AM Farell, 'Not So New Directions in the Law of Consent' 

  • Patient Freindly - Identifying the doctor’s duty to disclose a material risk, the Court stated that the starting point should be the ‘needs, concerns and circumstances of the individual patient’ (para 73
  • The Court signalled a shift from a ‘doctors know best’ approach – the hallmark of Sidaway – to what has been referred to as the ‘particular patient’ approach
  • The SC endorsed the view that most consent lawyers and DR's thought have already prevailed, and largely reflects UK General Medical Council (GMC) guidance. 
  • Little casue for doctors to panic about the 'litigation floodgates' that have now opened in relation to consent and non-disclosure claims 

J Montgomery, 'Montgomery on Informed Consent: an Inexpert Decision'? 

  • 'A Triamph for PT autonomy over medical paternalsim'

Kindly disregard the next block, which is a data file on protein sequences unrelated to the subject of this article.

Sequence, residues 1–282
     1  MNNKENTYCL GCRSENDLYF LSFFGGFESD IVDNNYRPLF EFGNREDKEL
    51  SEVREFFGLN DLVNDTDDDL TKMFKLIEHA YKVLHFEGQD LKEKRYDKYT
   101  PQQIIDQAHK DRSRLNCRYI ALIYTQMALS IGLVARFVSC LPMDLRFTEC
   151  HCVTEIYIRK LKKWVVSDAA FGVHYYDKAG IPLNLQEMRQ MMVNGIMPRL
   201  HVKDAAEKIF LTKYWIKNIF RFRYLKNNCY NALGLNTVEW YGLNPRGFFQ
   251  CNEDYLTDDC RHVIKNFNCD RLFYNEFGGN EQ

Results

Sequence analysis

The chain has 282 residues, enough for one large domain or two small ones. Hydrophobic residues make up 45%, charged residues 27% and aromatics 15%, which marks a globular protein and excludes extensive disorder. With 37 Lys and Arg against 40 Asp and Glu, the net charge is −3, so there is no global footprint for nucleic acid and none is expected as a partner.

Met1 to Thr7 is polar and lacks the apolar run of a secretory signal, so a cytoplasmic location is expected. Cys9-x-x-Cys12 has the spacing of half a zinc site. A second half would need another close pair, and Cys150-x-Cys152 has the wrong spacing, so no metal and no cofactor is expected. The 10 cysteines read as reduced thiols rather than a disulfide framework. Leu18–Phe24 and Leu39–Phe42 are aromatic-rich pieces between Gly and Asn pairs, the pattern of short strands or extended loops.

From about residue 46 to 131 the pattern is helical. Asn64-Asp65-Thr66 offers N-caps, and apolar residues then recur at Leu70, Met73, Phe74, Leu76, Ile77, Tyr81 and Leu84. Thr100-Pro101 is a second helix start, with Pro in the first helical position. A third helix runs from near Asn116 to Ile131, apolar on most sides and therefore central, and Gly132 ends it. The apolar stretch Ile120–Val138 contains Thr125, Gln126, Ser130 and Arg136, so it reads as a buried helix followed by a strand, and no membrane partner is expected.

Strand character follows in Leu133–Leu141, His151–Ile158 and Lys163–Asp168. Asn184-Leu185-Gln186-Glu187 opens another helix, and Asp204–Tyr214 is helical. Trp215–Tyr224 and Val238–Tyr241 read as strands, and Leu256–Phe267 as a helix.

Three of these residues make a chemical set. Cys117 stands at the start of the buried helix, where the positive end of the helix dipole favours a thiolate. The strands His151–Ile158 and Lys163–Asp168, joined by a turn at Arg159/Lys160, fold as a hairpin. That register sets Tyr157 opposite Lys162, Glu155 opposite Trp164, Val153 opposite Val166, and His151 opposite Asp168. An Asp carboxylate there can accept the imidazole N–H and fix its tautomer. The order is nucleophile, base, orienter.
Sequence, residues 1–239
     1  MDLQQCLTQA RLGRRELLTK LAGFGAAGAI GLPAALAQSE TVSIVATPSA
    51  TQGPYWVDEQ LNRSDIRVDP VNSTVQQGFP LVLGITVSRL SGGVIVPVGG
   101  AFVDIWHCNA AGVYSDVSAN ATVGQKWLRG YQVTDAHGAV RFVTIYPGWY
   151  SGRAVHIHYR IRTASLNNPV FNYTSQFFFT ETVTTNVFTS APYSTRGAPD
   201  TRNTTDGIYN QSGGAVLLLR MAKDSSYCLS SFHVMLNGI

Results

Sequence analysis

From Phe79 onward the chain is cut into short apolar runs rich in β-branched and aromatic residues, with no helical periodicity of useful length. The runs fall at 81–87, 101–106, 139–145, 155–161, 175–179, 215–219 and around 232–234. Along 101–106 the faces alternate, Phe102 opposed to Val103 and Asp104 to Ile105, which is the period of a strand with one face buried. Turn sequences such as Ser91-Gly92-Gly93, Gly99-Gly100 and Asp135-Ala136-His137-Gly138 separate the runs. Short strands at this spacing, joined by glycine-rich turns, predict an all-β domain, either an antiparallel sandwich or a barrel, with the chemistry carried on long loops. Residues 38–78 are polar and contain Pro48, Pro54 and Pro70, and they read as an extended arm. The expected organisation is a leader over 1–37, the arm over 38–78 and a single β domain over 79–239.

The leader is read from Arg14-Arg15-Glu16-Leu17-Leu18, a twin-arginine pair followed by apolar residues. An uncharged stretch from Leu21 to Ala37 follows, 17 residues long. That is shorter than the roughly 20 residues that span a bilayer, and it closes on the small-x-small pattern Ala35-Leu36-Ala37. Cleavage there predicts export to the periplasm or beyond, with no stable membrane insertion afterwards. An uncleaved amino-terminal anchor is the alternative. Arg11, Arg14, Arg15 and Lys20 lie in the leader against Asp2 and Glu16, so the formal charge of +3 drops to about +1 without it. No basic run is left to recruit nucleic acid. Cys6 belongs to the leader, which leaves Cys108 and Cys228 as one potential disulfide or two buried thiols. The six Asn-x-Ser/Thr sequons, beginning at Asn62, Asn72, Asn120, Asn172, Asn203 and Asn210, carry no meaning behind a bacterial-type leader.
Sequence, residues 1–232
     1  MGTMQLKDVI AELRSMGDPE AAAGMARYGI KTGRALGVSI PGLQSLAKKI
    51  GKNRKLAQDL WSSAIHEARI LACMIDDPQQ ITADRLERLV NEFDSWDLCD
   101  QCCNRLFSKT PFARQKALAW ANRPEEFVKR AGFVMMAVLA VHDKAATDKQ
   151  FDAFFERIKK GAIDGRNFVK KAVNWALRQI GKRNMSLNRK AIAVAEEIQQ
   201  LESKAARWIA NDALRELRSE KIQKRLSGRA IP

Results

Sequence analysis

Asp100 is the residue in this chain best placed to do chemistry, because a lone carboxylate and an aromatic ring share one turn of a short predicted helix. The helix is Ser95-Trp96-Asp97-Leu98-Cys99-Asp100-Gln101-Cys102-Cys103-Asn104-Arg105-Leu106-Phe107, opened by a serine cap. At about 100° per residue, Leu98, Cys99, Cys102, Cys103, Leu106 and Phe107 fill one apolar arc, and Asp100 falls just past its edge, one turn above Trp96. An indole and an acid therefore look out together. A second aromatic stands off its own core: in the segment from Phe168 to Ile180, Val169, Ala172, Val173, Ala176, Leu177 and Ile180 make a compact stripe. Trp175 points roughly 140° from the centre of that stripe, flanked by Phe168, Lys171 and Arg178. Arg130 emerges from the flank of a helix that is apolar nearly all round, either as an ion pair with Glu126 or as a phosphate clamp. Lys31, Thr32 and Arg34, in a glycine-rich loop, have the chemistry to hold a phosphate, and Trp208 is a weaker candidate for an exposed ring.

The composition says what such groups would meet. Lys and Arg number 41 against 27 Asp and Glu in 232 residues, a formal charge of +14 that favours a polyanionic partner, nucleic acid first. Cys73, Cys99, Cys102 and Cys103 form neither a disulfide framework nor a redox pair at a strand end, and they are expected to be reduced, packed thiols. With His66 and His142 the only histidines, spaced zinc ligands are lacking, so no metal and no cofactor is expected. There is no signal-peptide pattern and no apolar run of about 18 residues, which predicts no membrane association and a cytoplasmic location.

• 'Infantalising the PT and demonising the DR'
  • 'The SC displayed a poor grasp' of clinical issues. 'Reductionist approach'
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AM. Farell 

  • Better training of DR's needed as opposed to controversies lying within the law? 
  • DR's found to have 'routinley unerestimated' small risks that have importance to teir PT's 
  • Issues lie in relationship between PT and DR, not the law itself which just reflects the particlaity of PT's thoughts 
  • Further autonomy for the PT when choosing not to receive information or to ‘delegate’ her right to choose to her doctor (para 85)
  • However: Lady Hale’s observation that respecting patient autonomy does not mean that a doctor can be forced ‘to offer treatment which he or she considers to be futile or inappropriate’ (para 115). Lady Hale delivered a separate judgment, which focused on patient autonomy in pregnancy and childbirth.

Chrispopher Stone 'The Decision in Birch Marks Another Step Away from the Much Criticsed Sidaway Approach to Consent' (2010) 

  • 'Law has moved away from medical paternalism, and a 'DR knows best approach to consent', towards a PT centered process that gives greater effect to the porimacy of a PT's right to self-determination'.